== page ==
12. Amine, “Spice Girl”
Fun fact: Aminé had to get “Spice Girl” approved by every member of the Spice Girls band thanks to the “zig-a-zig-ah” ad-lib that he interpolates throughout the chorus of the song. Thank goodness they all liked it, or we would have missed out on this gem from the Portland rapper’s colorful debut album, Good For You.
The artistic dedication and craftsmanship of “Spice Girl” is perfectly indicative of his overall creativity on the project, from the double-take-inducing, bright yellow cover, to the innovative marketing tools he used to promote the album, including the newspaper from the cover, which he gave away at album listening parties all over the US.
The goofy, bouncy track even has deeper roots in the Spice Girl metaphor. Aminé says that his first concert ever was a Spice Girls one, inspiring a lifelong fanship that ultimately culminated in the foulmouthed appearance of Mel Brown (aka Scary Spice) in the surreal, comedic video for the song dedicated to the group.
He name-checks the band’s members throughout, but it holds up without the references as a fun ode to the “dream girl” ideal so many songwriters have experimented with through the years. It’s just that Aminé makes it even more fun and colorful — just like the band at the height of their popularity.–A.W.
11. 21 Savage, “Bank Account”
In 2017, 21 Savage went from a buzzing, online sensation to a bonafide, hit-making star, all thanks to a catchy little bit of counting and a thumping production from none other than 21 himself, with a little help from Metro Boomin. “Bank Account,” was the lead single from his debut album Issa Album, and some of his finest song-making to date. The track helped propel Issa to No. 2 on Billboard‘s album chart and a gold plaque, and represents 21’s first and only foray into Billboard‘s Top 40 for a single, peaking at No. 12.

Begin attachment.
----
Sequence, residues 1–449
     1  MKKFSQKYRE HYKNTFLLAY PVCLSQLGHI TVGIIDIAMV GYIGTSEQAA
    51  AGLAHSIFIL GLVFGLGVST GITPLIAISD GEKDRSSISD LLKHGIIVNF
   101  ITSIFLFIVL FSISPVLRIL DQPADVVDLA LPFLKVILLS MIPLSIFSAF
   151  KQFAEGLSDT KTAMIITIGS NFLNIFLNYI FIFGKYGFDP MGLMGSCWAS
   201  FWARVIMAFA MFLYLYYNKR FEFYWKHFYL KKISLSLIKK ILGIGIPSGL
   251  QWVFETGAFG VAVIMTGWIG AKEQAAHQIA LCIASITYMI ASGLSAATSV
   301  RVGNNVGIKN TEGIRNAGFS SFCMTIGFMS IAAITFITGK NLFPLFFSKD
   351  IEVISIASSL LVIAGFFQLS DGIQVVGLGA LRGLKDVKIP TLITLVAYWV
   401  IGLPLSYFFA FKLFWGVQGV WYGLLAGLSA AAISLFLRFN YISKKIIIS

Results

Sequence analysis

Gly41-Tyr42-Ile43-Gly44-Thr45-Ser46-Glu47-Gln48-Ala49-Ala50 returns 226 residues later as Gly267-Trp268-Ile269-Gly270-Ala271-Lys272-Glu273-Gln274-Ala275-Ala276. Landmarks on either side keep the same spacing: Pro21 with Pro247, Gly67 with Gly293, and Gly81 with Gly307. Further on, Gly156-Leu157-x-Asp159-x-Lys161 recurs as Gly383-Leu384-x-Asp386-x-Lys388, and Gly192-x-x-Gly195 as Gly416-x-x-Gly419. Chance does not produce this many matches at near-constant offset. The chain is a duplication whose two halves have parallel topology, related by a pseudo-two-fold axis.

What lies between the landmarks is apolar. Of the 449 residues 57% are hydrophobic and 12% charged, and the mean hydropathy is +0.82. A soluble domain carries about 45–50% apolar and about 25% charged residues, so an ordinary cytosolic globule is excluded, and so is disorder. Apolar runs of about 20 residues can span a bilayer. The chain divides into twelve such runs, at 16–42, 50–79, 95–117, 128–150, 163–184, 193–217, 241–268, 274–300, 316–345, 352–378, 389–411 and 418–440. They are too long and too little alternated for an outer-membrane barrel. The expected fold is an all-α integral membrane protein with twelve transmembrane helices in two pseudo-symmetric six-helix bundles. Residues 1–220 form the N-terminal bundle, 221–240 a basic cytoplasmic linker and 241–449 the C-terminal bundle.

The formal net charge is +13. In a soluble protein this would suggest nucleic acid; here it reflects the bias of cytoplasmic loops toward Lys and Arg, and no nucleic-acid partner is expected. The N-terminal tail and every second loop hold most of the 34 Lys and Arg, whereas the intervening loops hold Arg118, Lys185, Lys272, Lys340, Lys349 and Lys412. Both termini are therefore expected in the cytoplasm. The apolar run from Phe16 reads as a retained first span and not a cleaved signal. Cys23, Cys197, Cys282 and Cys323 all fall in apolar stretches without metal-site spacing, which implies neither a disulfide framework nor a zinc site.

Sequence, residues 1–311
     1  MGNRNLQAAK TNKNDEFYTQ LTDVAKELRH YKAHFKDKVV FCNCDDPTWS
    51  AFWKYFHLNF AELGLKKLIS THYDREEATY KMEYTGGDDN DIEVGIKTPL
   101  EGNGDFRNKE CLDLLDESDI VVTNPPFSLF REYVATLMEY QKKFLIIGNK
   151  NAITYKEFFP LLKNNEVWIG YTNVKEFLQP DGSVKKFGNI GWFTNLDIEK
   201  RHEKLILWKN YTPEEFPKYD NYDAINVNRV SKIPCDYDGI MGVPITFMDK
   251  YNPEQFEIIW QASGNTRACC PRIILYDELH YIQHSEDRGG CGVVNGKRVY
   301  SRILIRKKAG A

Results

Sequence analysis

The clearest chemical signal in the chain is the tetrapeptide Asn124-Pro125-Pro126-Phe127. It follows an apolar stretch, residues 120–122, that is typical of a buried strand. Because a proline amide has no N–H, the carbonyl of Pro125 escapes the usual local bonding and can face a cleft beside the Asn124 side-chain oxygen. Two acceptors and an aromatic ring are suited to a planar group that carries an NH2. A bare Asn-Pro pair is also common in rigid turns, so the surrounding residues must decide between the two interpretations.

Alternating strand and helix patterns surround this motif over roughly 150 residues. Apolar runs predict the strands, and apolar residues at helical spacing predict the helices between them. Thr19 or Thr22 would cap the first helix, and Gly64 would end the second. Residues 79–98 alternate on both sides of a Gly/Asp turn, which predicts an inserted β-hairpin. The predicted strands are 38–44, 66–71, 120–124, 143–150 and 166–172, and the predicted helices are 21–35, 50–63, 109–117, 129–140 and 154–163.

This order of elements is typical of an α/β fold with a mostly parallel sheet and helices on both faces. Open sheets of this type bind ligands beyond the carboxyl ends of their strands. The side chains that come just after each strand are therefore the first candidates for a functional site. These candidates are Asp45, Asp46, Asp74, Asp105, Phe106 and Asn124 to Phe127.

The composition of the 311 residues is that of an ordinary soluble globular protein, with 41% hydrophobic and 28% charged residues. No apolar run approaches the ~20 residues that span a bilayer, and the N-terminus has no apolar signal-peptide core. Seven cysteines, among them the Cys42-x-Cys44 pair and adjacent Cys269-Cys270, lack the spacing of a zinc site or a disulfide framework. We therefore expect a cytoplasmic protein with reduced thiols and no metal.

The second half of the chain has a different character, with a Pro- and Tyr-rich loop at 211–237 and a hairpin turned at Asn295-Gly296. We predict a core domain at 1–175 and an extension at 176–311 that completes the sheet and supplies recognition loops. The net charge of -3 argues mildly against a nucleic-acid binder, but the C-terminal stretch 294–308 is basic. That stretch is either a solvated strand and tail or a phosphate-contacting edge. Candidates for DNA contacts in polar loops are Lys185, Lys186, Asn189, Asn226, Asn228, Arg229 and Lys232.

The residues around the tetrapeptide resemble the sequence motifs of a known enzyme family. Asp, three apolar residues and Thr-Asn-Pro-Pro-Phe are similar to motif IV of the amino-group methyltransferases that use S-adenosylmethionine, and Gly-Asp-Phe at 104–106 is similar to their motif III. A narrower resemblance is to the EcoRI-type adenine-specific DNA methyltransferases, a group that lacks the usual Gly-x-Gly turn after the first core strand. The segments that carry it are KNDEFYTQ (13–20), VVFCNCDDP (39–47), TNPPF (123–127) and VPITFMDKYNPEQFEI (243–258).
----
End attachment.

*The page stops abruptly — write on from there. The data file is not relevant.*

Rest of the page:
Like most 21 songs, “Bank Account” is simple, with his trademark, laid black flow and a myriad of entertaining one-liners, but there’s a little extra oomph from 21 this time around. Bragging “You can’t even talk to the b*tch, she f***ing with bosses and sh*t,” reads like a basic line on paper, but 21’s delivery and ad-libs make the lines an opener that sets the pace for the rest of the track. Add that to the hook that makes for uproarious sing-along sessions, especially after a few drinks on a night out, and you have all the makings of one of the best tracks of the year.–E.G.